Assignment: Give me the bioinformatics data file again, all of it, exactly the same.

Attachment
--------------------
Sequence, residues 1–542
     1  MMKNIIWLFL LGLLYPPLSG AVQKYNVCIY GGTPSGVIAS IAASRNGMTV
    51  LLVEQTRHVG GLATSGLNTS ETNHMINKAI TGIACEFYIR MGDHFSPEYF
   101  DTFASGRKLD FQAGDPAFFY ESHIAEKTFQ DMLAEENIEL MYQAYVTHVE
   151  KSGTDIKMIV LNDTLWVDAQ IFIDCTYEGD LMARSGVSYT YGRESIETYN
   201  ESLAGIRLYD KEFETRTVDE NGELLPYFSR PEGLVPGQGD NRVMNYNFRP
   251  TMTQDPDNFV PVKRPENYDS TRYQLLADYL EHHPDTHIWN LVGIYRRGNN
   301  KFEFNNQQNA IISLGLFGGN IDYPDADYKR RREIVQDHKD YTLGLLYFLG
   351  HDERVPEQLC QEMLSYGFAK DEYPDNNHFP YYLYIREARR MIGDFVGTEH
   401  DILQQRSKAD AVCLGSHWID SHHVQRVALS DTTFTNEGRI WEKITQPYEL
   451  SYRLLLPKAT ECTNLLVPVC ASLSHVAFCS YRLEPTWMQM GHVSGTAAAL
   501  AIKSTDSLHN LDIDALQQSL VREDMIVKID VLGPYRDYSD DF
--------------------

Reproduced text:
Sequence, residues 1–542
     1  MMKNIIWLFL LGLLYPPLSG AVQKYNVCIY GGTPSGVIAS IAASRNGMTV
    51  LLVEQTRHVG GLATSGLNTS ETNHMINKAI TGIACEFYIR MGDHFSPEYF
   101  DTFASGRKLD FQAGDPAFFY ESHIAEKTFQ DMLAEENIEL MYQAYVTHVE
   151  KSGTDIKMIV LNDTLWVDAQ IFIDCTYEGD LMARSGVSYT YGRESIETYN
   201  ESLAGIRLYD KEFETRTVDE NGELLPYFSR PEGLVPGQGD NRVMNYNFRP
   251  TMTQDPDNFV PVKRPENYDS TRYQLLADYL EHHPDTHIWN LVGIYRRGNN
   301  KFEFNNQQNA IISLGLFGGN IDYPDADYKR RREIVQDHKD YTLGLLYFLG
   351  HDERVPEQLC QEMLSYGFAK DEYPDNNHFP YYLYIREARR MIGDFVGTEH
   401  DILQQRSKAD AVCLGSHWID SHHVQRVALS DTTFTNEGRI WEKITQPYEL
   451  SYRLLLPKAT ECTNLLVPVC ASLSHVAFCS YRLEPTWMQM GHVSGTAAAL
   501  AIKSTDSLHN LDIDALQQSL VREDMIVKID VLGPYRDYSD DF